Highlighting Government proposals in Denmark to move towards an opt-in system for unaddressed mail, Patrick Gibbels – our policy correspondent in Brussels – explores the potential implications for nonprofits if such restrictions were rolled out across the EU.
The Danish government is considering legislation that would introduce a regime banning unaddressed printed advertising – also known as ‘door drops’ – unless the consumer specifically opts in to receive it. If the Danish government is successful, this could set a dangerous precedent for charities and fundraisers in other EU Member States. With GDPR and new rules regarding e-privacy restricting other communication channels, many nonprofits now rely heavily on this form of outreach.
The issue is not new. In fact, in Fundraising Europe I reported the potential threats of a ban on door drops almost two years ago, when some European governments – the Netherlands, Belgium, France, Denmark and Germany – first started considering it. Door drops and the opt-out system are a part of the EU’s 2005 Unfair Commercial Practices Directive.
If EU Member States were to adopt an opt-in approach, nonprofits would no longer be able to send unaddressed mailings to any households, unless they proactively permit them to. Few people are likely to do so, which would have a significant negative impact on many fundraising organisations and their opportunity to rebuild income levels at a time where many are facing critical funding shortfalls.
On top of that, we see similar developments in other legislative areas, such as the aforementioned e-Privacy legislation, where the current debate is steering towards a regime whereby telephone outreach by charities and fundraisers could become challenging, if not impossible.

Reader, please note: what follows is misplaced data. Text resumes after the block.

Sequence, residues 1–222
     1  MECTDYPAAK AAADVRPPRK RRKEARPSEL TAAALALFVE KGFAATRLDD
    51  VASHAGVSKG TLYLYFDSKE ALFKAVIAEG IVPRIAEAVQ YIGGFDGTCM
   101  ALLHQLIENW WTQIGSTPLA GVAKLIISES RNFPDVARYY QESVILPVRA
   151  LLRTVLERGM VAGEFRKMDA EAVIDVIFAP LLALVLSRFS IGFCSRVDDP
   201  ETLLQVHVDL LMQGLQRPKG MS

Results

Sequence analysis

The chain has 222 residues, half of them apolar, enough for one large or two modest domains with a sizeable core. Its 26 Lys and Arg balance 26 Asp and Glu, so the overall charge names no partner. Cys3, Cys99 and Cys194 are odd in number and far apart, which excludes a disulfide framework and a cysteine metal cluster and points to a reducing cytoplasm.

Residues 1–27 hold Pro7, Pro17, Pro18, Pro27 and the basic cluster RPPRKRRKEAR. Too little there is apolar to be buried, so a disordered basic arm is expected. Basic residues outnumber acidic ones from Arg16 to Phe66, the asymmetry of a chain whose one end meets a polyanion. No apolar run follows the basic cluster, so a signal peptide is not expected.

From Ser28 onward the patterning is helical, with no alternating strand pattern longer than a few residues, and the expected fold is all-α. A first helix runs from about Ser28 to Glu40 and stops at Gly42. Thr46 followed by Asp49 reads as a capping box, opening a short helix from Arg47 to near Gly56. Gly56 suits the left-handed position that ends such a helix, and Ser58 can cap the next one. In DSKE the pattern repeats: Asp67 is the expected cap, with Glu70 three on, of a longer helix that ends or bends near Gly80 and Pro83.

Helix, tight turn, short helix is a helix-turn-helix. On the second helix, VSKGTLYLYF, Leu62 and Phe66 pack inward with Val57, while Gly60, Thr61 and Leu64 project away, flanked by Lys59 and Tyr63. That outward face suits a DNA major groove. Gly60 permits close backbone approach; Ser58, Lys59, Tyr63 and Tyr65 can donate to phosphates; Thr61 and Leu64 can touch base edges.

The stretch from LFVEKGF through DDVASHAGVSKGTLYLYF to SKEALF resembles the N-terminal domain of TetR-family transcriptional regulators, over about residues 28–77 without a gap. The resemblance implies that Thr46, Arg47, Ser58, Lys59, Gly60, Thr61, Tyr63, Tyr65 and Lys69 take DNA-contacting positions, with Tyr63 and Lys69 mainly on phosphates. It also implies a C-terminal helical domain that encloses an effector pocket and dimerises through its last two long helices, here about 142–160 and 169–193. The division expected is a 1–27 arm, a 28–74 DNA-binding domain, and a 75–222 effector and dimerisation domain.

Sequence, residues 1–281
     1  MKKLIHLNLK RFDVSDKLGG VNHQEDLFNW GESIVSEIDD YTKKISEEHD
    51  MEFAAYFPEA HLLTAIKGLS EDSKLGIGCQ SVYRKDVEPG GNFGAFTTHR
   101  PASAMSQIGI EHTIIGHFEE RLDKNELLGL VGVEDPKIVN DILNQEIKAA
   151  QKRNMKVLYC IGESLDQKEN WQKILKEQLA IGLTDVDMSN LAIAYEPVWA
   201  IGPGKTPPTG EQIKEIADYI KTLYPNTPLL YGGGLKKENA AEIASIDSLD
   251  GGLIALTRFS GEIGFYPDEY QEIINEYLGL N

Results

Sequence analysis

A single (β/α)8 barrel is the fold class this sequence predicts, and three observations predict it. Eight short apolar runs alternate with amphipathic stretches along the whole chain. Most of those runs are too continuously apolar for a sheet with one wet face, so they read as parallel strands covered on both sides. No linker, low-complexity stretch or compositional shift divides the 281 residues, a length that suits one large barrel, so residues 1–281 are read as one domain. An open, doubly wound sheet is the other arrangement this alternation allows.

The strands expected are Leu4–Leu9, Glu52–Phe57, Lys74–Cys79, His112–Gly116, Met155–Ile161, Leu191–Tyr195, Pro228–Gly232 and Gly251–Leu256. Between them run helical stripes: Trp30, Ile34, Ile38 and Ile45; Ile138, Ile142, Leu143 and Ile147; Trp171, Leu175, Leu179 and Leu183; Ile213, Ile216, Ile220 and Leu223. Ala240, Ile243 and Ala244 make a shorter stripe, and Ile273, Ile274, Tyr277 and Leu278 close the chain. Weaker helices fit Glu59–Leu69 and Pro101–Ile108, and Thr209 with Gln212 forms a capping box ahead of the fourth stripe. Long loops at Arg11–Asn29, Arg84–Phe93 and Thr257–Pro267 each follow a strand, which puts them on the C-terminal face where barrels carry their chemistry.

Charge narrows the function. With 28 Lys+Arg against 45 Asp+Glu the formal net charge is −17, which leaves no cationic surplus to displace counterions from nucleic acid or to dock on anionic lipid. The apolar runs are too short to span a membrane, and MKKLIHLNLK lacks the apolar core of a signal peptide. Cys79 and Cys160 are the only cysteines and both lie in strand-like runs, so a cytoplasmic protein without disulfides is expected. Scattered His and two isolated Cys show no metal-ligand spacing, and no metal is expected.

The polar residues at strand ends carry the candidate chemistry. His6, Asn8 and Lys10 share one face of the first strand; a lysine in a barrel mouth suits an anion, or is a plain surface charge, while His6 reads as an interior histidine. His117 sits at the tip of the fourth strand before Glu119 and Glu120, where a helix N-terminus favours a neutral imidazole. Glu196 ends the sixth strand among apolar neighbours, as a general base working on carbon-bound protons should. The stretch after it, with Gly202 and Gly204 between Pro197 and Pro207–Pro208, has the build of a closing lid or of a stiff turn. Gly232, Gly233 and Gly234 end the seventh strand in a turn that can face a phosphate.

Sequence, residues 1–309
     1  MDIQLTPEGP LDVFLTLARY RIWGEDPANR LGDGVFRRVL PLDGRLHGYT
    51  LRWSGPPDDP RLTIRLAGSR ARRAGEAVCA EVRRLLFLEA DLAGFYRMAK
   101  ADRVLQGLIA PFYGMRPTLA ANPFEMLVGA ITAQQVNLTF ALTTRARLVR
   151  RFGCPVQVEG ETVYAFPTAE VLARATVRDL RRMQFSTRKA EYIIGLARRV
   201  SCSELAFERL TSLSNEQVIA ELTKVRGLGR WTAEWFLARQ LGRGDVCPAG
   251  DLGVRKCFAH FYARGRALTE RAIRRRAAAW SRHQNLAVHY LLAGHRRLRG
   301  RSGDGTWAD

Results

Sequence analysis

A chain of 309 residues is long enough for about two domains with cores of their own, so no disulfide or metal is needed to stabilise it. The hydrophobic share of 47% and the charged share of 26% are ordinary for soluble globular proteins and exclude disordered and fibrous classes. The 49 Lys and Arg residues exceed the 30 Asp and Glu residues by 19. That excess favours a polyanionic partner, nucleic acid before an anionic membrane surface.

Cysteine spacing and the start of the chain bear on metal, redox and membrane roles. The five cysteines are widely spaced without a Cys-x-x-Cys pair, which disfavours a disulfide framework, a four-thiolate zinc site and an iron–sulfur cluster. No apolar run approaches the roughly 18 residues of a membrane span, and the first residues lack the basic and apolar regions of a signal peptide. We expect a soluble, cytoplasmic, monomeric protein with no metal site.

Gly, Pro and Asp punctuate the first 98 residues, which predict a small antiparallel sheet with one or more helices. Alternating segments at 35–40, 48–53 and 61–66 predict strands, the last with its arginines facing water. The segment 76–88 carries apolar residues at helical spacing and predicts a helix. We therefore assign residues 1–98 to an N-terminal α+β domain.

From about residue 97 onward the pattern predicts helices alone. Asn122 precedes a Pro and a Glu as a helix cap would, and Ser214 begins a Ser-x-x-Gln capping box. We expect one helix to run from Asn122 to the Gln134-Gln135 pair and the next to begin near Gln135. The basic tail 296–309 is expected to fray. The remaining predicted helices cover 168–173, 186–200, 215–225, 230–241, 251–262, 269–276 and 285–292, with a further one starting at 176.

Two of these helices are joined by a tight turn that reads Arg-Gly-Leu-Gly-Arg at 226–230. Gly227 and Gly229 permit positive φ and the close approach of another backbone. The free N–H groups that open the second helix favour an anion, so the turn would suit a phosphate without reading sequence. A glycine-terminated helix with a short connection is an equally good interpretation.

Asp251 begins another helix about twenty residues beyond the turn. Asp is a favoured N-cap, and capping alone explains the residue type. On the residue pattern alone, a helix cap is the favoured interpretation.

As was the case in 2020, EFA has joined a now even larger coalition of stakeholders in co-signing a joint letter calling on the European Commission to address this issue with the Member States concerned. The letter asks for clarification that any restrictions on this form of advertising need to take into account the principle of proportionality and must be compliant with EU law.
Denmark has made similar attempts to curb unaddressed printed advertising in 2012, 2016, and 2020. The European Commission clarified at that time that “Directive 2005/29/EC bans unsolicited advertising by remote media if it is persistent and unwanted. Assessments of the compatibility of national rules with this directive depend on their exact wording, but an opt-in scheme seems to go further than this ban.
Being aware of the Commission’s rejection of these previous attempts, on 16 June 2020, the Danish government published a climate plan for a green waste sector and a circular economy in which it notes an ongoing attempt to explore the feasibility of an opt-in regime. In other words, the Danish minister is now attempting a different strategy, as he has publicly committed to examining whether the Commission would now allow the introduction of an opt-in regime in light of the green agenda, rather than unfair commercial practices.
In a response to our coalition’s letter, the Commission writes: “The Commission has already stated in its reply of 30 April 2020 to the parliamentary question E-8/2020 1 that an ‘opt-in’ scheme for printed advertisement, which does not pursue, directly or indirectly, the objective of the protection of consumers’ economic interests, but other goals such as environmental protection, would fall outside the scope of the Directive 2005/29/EC on unfair commercial practices.”
The Commission furthermore states that it maintains its line on the fact that national rules should be non-discriminatory, justified by an overriding reason of public interest, and proportionate.
The protection of the environment is an overriding reason of public interest and a top priority for the current Commission. Our coalition maintains, based on statistics, that the environmental footprint of the direct distribution system in Denmark is negligible. But if the national measure proves to aim at meeting the environmental objective of the Commission, it will be difficult to argue with it.
EFA and its partners will continue to monitor the situation closely.
About Patrick Gibbels
Patrick is EFA’s public affairs columnist in Brussels.
He is the director of Gibbels Public Affairs.
Follow Patrick @GPA_Brussels.
Read more from Patrick in our View from Brussels column here.
Main photo (door) by Melanie Wasser on Unsplash
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